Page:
Women working in factories in Asia (including India) that manufacture garments for global brands — retail giant Walmart and fast-fashion brands H&M and Gap — face gender-based violence on a daily basis, says new research by the Asia Floor Wage Alliance (AFWA).
The three separate factory-level research reports by the AFWA, in collaboration with other workers’ rights organisations, document the routine violence — from verbal abuse to sexual harassment and physical violence — faced by women workers in the garment supply chains of three firms.
Garment supplier factories in Asia are disproportionately staffed by poor women engaged in short-term, low-skill and low-wage employment under appalling working conditions. Most of them are in subordinate positions as operators of machines, checkers and helpers. Rarely do the women hold managerial or supervisory positions in these factories, says the research.
Conducted between January 2018 and May 2018, the research was undertaken for submission to the International Labour Organization (ILO), which has convened a Standard Setting Committee with the aim of ending violence and harassment inflicted on workers. Meeting from 28 May to 6 June, the committee will hold consultations to come up with global standards on women’s labour rights.
The research was undertaken in nine garment production hubs across five countries in Asia — Bangladesh (at Dhaka), India (at Bangalore, Gurgaon and Tiruppur), Cambodia (at Phnom Penh), Indonesia (at West Java and North Jakarta), and Sri Lanka (at Biyagama, Gampaha District and Vavuniya District, Northern Province).
The report on American multinational retail corporation Walmart — which has recently acquired Indian e-commerce major Flipkart, and is known for its atrocious labour practices — provides in-depth profiles of four of the company’s supplier factories in Bangladesh and Cambodia.
It describes the experiences of women workers at the base of Walmart’s supply chain, who are already under extreme pressure to complete impossible production targets. These include cases of women being pressured into sexual liaisons with men in senior designations and being fired on not responding to the sexual overtures, without any recourse to relief. Women have talked of facing routine physical violence “including slapping and throwing large bundles of clothes and smaller sharp projectiles such as including scissors”, verbal abuse and mental torture.
The report “provides an empirical account of the spectrum of gender based violence and risk factors for violence women workers face in Walmart garment supply chains.”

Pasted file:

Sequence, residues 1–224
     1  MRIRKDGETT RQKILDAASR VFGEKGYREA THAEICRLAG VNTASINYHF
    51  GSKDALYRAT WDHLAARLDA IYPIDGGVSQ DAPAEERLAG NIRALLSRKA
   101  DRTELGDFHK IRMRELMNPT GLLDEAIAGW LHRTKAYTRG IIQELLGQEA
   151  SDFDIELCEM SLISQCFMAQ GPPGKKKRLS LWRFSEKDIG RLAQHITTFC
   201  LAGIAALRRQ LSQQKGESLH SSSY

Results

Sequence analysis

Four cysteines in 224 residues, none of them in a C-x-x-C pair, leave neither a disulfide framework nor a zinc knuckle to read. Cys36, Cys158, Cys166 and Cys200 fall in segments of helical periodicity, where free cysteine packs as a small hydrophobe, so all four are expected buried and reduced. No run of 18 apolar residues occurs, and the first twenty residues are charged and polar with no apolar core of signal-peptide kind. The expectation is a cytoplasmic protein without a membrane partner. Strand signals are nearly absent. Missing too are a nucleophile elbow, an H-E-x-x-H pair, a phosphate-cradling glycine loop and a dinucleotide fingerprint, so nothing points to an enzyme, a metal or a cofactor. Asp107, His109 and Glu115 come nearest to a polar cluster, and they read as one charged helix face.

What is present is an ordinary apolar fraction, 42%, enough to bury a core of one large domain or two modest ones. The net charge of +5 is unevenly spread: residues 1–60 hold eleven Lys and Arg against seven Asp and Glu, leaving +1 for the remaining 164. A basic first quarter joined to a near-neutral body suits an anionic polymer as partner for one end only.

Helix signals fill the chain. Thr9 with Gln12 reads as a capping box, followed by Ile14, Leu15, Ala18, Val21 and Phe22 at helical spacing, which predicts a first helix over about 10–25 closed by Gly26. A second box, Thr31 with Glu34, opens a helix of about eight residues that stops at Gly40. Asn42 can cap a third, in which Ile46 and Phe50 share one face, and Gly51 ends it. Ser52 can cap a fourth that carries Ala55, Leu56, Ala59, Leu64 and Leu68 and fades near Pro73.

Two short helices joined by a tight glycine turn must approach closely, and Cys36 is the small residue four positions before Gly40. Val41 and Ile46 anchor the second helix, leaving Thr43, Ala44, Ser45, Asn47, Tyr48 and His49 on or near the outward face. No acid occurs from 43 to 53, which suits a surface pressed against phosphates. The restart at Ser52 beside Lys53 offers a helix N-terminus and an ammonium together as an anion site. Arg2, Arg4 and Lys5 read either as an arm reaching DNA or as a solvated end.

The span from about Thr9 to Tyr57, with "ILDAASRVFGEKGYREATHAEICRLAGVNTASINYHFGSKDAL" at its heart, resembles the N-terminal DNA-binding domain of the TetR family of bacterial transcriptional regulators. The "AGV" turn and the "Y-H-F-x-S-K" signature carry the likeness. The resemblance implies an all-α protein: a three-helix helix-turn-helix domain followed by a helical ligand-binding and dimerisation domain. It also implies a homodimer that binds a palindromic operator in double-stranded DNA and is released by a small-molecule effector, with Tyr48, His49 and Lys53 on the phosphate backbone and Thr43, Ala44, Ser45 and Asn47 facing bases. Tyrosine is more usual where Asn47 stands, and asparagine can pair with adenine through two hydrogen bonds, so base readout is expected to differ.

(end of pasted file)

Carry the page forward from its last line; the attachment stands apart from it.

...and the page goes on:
“The experiences of gender based violence in Walmart garment supply chains documented in this report are not isolated incidents. Rather, they reflect a convergence of risk factors for gender based violence in Walmart supplier factories that leave women garment workers systematically exposed to violence. Risk factors in Walmart garment supply chains are a by-product of how Walmart and other multi-national corporations do business,” the report says.
The Gap report presents profiles of nine of the company’s supplier factories in Bangladesh, Cambodia, and India. The H&M report presents profiles of the gendered hiring practices in six H&M supplier factories in Bangladesh, Cambodia, and India.
The three reports draw upon previous research by AFWA (2016) documenting human rights violations in the supply chains of the brands in south and southeast Asia (including Indonesia and Sri Lanka).
The H&M report highlights the ongoing struggle of women workers who are part of the Karnataka Garment Workers Union (KGWU), also known as Koogu, in India.
These women worker leaders faced physical assault, caste-based slurs and were fired after they pushed for the following demands: inclusion of an elected worker on the factory health committee to address water quality at the factory, steps to address irregular transportation to the factory, and negotiation to raise their wages that are currently below living wages.
The AFWA and the Global Labor Justice have demanded that H&M ensure that its supplier reinstate immediately the 15 workers who were fired for taking part in union activity, fire all those factory managers and senior staff who were involved in the attack on the women workers, as well as address the original demands of the Koogu union.
The reports also document the industry risk factors for violence faced by women workers in the global garment supply chain. These risk factors include short-term contracts, production targets, industrial discipline practices, failure to pay a living wage and other wage-related rights abuses, excessive working hours, and unsafe workplaces.
The Women’s Leadership Committee of the AFWA has asked Walmart, H&M and Gap to take the following action steps —
– Publicly support and commit to proactively implement an ILO Convention Recommendation on Gender Based Violence that includes the recommendations from the Asia Floor Wage Alliance and partners.
– Meet with the Asia Floor Wage Women’s Leadership Committee in the next three months to discuss the supply chain findings and next steps.
– Proactively work with the Asia Floor Wage Alliance to pilot women’s committees in factories that eliminate gender based violence and discrimination from the supplier factories.